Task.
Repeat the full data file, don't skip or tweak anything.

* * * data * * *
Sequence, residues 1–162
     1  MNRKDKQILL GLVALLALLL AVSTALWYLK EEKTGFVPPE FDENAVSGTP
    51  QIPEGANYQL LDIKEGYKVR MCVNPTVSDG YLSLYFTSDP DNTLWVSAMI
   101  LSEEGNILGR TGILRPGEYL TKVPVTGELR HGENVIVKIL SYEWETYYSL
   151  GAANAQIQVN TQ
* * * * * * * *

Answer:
Sequence, residues 1–162
     1  MNRKDKQILL GLVALLALLL AVSTALWYLK EEKTGFVPPE FDENAVSGTP
    51  QIPEGANYQL LDIKEGYKVR MCVNPTVSDG YLSLYFTSDP DNTLWVSAMI
   101  LSEEGNILGR TGILRPGEYL TKVPVTGELR HGENVIVKIL SYEWETYYSL
   151  GAANAQIQVN TQ